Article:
The lifting equipment at work in the offshore construction industry4 May 2023
Offshore construction is dominated by the need for renewable wind power. Wind farms need specialised and challenging lifting equipment. Julian Champkin reports.
Last year, more than a quarter of the UK’s energy came from wind power, and it was about equally divided between onshore and offshore turbines. Offshore growth and opportunities, however, are considerably greater than onshore.
Globally, the picture was similar. Installed offshore capacity grew by some 15%, to around 60GW. And we are only at the start of the story: the seaboards of the US are virtually untapped as a wind resource, though that is changing. Elsewhere, suitable shallow-water coastal sites are already being largely exploited and attention is moving further offshore, where winds are stronger and more constant but waters are deeper. This is accelerating the development of floating turbines rather than towers set into the seabed, and their potential could dwarf that of seabed towers. Eighteen countries now have offshore wind farms – Italy joined the ranks last year – and 32 more have them under development or at the planning stage. Offshore wind construction is a boom industry.
But towers, floating or static, are tall. The rotor diameter of a Siemens Gamesa generating turbine is 154m; vessels to lift them into place and to set the blades onto the nacelles need lifting apparatus to reach of 200m or more.
All this needs not just specialised construction vessels but specialised support vessels also. The former are not just specialised but very specialised indeed, not least in their incorporated lifting apparatus; the latter also need winches specific to their purpose, and constructing these vessels is also a boom industry. There are estimated to be around 1,300 such vessels worldwide, with around 200 more under construction. Makers of winches, hoists and other maritime or subsea lifting gear have a challenge to rise to.
Let us start with static towers and the vessels that set them in place. Jack-up barges, with legs on which they can raise themselves out of the water, are a staple here, and designing the mechanism that raises them is demanding. They need, among other things, large pinions, large gearboxes and large amounts of power, all combined with sophisticated control systems to keep the barge level and stable, with precise positioning ability thrown in.
In November, offshore lifting specialists Huisman reached an important milestone in the development of a new jacking system tailored specifically for wind turbine installation jack-up vessels. It has teamed up with its long-term supplier of gearboxes for offshore equipment, German-based O&K Antriebstechnik, part of the Bonfiglioli Group, and together they successfully completed a factory acceptance test (FAT) for the first Huisman Jacking Gearbox, which will be part of the system.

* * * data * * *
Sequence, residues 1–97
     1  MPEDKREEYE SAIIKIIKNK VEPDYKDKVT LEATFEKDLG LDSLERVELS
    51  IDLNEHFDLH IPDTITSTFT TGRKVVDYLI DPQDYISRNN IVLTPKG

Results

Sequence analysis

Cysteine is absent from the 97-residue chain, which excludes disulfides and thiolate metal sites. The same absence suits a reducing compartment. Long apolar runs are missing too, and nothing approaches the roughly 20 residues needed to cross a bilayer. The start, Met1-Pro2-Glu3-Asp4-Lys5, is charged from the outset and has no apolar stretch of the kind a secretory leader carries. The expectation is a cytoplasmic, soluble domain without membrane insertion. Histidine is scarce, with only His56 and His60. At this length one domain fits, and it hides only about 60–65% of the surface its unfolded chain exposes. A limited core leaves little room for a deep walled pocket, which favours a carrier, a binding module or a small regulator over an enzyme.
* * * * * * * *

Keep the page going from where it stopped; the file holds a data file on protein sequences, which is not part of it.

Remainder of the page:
The jacking system contains a dedicated proprietary control system that optimises the system’s load distribution, specifically for turbine and foundation installation. Control is by Huisman’s well-known proprietary Variable Frequency Drive Control System. Two gear versions will be available – L and XL – suitable for vessels from various independent design companies and of various sizes: static pinion loads up to 800t in the Large version, or 1,000t in the Extra Large. There is potential to achieve leg preload capacities beyond 30,000t, depending on leg layout and the system’s number of layers.
The FAT consists of multiple tests under motion at O&K’s test facility in Hattingen, in North-Rhine-Westphalia. Upon delivery of the gearboxes to one of its production facilities, Huisman will continue with fullload jacking demonstration trials.
The aim of all this effort is, of course, to reduce the carbon footprint of mankind’s energy demands. It is therefore entirely appropriate that in the same month, November 2022, Huisman announced its intention to launch a sustainable impact assessment to determine the carbon footprint of its products, from design up to and including delivery. The data will be used to provide insight into how the company can further reduce the CO2 footprint of its products. The calculation method is independently verified and performed according to internationally recognised ISO standards. Huisman aims to include the sustainable impact assessment in all quotations as of 2023. Huisman’s next step is to gain insight into the emissions produced by a product during the operational phase in order to add further value to future calculations.